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Next: Feasible directions, global Up: 1.2.1 Unconstrained optimization Previous: First-order necessary condition   Contents   Index Second-order conditions for optimality

We now derive another necessary condition and also a sufficient condition for optimality, under the stronger hypothesis that $ f$ is a $ \mathcal C^2$ function (twice continuously differentiable).

First, we assume as before that $ x^*$ is a local minimum and derive a necessary condition. For an arbitrary fixed $ d\in\mathbb{R}^n$ , let us consider a Taylor expansion of $ g(\alpha)=f(x^*+\alpha d)$ again, but this time include second-order terms:

$\displaystyle g(\alpha)=g(0)+g'(0)\alpha+\frac12g''(0)\alpha^2+o(\alpha^2)$ (1.12)


$\displaystyle \lim_{\alpha\to 0}\frac{o(\alpha^2)}{\alpha^2}=0.$ (1.13)

By the first-order necessary condition, $ g'(0)$ must be 0 since it is given by (1.10). We claim that

$\displaystyle g''(0)\ge 0.$ (1.14)

Indeed, suppose that $ g''(0)<0$ . By (1.13), there exists an $ \varepsilon >0$ such that

$\displaystyle \vert\alpha\vert<\varepsilon \quad\Rightarrow\quad \vert o(\alpha^2)\vert<
\frac12\vert g''(0)\vert\alpha^2.

For these values of $ \alpha$ , (1.12) reduces to $ g(\alpha)-g(0)<0$ , contradicting that fact that 0 is a minimum of $ g$ . Therefore, (1.14) must hold.

What does this result imply about the original function $ f$ ? To see what $ g''(0)$ is in terms of $ f$ , we need to differentiate the formula (1.9). The reader may find it helpful to first rewrite (1.9) more explicitly as

$\displaystyle g'(\alpha)=\sum_{i=1}^n {f}_{x_i}(x^*+\alpha d) d_i.

Differentiating both sides with respect to $ \alpha$ , we have

$\displaystyle g''(\alpha)=\sum_{i,j=1}^n {f}_{{x_i}{x_j}}(x^*+\alpha d) d_i d_j

where double subscripts are used to denote second-order partial derivatives. For $ \alpha=0$ this gives

$\displaystyle g''(0)=\sum_{i,j=1}^n {f}_{{x_i}{x_j}}(x^*) d_i d_j

or, in matrix notation,

$\displaystyle g''(0)=d^T\nabla^2 f(x^*)d$ (1.15)


$\displaystyle \nabla^2 f:=
{f}_{{x_1}{x_1}} & \dots&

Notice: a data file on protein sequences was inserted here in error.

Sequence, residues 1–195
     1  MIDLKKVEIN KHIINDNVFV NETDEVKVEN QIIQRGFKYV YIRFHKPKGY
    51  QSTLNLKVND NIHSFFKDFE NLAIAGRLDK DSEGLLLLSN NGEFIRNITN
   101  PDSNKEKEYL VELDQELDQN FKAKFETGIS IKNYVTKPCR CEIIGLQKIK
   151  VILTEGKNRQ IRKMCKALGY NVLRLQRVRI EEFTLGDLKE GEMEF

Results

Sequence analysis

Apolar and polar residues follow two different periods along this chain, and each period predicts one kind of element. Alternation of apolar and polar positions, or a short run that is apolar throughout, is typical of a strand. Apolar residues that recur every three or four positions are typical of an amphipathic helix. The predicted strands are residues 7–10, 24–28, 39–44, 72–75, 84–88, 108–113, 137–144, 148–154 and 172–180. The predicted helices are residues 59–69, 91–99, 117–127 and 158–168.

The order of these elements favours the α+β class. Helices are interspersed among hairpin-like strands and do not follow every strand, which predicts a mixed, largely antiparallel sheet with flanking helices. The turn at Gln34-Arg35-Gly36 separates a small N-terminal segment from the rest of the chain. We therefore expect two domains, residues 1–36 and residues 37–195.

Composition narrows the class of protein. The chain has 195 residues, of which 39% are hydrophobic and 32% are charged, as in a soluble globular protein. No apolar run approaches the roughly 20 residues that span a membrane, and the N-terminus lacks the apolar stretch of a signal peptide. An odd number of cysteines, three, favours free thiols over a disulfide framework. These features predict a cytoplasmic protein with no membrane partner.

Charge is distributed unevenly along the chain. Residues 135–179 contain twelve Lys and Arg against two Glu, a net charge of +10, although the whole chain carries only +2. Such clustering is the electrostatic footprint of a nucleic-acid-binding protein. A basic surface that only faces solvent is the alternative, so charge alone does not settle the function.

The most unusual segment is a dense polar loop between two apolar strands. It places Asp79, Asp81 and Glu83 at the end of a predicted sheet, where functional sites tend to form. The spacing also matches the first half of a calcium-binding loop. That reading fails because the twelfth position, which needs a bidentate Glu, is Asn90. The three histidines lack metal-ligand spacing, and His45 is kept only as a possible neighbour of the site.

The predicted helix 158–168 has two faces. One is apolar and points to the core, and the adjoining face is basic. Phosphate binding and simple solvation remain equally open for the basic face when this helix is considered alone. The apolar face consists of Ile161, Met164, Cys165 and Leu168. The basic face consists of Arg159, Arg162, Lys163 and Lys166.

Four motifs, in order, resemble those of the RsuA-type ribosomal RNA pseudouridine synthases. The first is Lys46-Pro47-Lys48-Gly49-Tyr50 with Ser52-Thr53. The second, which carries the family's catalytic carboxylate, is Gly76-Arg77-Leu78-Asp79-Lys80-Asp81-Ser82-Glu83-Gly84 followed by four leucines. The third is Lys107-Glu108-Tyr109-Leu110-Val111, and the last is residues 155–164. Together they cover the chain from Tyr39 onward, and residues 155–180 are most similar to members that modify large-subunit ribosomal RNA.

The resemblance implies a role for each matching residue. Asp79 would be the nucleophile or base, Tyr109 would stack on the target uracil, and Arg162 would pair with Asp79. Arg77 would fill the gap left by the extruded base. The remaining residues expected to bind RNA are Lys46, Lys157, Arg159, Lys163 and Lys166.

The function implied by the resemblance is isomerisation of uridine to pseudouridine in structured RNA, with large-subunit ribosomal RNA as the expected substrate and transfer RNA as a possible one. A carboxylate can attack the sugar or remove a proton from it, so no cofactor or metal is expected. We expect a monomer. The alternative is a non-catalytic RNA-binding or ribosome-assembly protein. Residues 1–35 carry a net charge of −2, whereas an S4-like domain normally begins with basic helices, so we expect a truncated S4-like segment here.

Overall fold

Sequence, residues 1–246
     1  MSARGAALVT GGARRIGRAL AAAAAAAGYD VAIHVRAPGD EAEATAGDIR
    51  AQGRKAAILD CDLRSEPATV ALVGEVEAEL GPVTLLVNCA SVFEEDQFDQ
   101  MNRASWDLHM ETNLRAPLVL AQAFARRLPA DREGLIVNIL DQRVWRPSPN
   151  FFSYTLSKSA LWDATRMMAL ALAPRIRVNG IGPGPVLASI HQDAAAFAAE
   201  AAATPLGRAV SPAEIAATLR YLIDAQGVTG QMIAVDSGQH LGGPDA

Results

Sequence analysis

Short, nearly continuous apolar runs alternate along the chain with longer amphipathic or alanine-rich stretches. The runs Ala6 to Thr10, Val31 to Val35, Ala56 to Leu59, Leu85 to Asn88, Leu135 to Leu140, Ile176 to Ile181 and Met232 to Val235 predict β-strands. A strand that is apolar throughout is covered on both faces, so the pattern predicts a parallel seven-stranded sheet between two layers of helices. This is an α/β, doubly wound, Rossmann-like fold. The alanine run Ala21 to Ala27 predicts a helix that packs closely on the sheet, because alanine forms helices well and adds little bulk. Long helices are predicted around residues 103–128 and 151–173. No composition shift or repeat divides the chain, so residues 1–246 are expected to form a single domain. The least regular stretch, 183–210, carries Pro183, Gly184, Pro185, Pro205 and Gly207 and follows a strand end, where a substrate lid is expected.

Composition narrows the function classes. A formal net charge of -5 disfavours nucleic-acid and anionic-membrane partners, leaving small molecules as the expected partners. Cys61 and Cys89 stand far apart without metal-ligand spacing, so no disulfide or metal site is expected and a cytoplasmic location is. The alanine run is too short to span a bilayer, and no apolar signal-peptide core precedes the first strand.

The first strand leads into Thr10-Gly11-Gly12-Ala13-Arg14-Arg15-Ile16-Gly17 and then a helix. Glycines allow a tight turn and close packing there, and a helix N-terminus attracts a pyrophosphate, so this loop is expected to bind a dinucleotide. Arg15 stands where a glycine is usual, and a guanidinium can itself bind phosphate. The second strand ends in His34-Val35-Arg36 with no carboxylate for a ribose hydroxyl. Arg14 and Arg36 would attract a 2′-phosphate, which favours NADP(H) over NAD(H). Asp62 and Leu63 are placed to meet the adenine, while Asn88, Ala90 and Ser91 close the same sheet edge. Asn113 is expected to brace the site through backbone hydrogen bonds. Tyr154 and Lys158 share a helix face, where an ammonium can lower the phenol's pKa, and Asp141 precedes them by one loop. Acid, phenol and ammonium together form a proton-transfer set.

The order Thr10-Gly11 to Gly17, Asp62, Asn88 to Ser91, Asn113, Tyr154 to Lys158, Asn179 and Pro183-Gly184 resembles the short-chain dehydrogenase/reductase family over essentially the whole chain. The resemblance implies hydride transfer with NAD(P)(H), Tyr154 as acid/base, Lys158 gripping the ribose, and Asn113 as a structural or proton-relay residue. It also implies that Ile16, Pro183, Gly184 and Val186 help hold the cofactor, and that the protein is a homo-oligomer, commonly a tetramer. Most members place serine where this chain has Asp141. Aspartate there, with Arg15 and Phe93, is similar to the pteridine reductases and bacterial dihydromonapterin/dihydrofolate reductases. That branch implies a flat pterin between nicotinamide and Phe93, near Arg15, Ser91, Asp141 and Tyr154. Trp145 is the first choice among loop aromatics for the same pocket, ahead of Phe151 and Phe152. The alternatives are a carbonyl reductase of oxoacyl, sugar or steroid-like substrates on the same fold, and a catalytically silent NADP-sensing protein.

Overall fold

...n}} \\ &\ddots& \\
{f}_{{x_n}{x_1}} & \dots &{f}_{{x_n}{x_n}}
\end{pmatrix} $

is the Hessian matrix of $ f$ . In view of (1.14), (1.15), and the fact that $ d$ was arbitrary, we conclude that the matrix $ \nabla^2 f(x^*)$ must be positive semidefinite:

$\displaystyle \fbox{$\nabla^2 f(x^*)\ge 0$} \ $    (positive semidefinite)

This is the second-order necessary condition for optimality.

Like the previous first-order necessary condition, this second-order condition only applies to the unconstrained case. But, unlike the first-order condition, it requires $ f$ to be $ \mathcal C^2$ and not just $ \mathcal C^1$ . Another difference with the first-order condition is that the second-order condition distinguishes minima from maxima: at a local maximum, the Hessian must be negative semidefinite, while the first-order condition applies to any extremum (a minimum or a maximum).

Strengthening the second-order necessary condition and combining it with the first-order necessary condition, we can obtain the following second-order sufficient condition for optimality: If a $ \mathcal C^2$ function $ f$ satisfies

$\displaystyle \nabla f(x^*)=0$   and$\displaystyle \qquad \nabla^2 f(x^*)>0 \ $    (positive definite) (1.16)

on an interior point $ x^*$ of its domain, then $ x^*$ is a strict local minimum of $ f$ . To see why this is true, take an arbitrary $ d\in\mathbb{R}^n$ and consider again the second-order expansion (1.12) for $ g(\alpha)=f(x^*+\alpha d)$ . We know that $ g'(0)$ is given by (1.10), thus it is 0 because $ \nabla f(x^*)=0$ . Next, $ g''(0)$ is given by (1.15), and so we have

$\displaystyle f(x^*+\alpha d)=f(x^*)+\frac12 d^T\nabla^2 f(x^*)d\alpha^2 +o(\alpha^2).$ (1.17)

The intuition is that since the Hessian $ \nabla^2 f(x^*)$ is a positive definite matrix, the second-order term dominates the higher-order term $ o(\alpha^2)$ . To establish this fact rigorously, note that by the definition of $ o(\alpha^2)$ we can pick an $ \varepsilon >0$ small enough so that

$\displaystyle \vert\alpha\vert<\varepsilon ,\ \alpha\ne 0 \quad\Rightarrow\quad \vert o(\alpha^2)\vert<\frac12
d^T\nabla^2 f(x^*)d\alpha^2$

and for these values of $ \alpha$ we deduce from (1.17) that $ f(x^*+\alpha d)>f(x^*).

To conclude that $ x^*$ is a (strict) local minimum, one more technical detail is needed. According to the definition of a local minimum (see page [*]), we must show that $ f(x^*)$ is the lowest value of $ f$ in some ball around $ x^*$ . But the term $ o(\alpha^2)$ and hence the value of $ \varepsilon $ in the above construction depend on the choice of the direction $ d$ . It is clear that this dependence is continuous, since all the other terms in (1.17) are continuous in $ d$ .1.2Also, without loss of generality we can restrict $ d$ to be of unit length, and then we can take the minimum of $ \varepsilon $ over all such $ d$ . Since the unit sphere in $ \mathbb{R}^n$ is compact, the minimum is well defined (thanks to the Weierstrass Theorem which is discussed below). This minimal value of $ \varepsilon $ provides the radius of the desired ball around $ x^*$ in which the lowest value of $ f$ is achieved at $ x^*$ .

next up previous contents index
Next: Feasible directions, global Up: 1.2.1 Unconstrained optimization Previous: First-order necessary condition   Contents   Index
Daniel 2010-12-20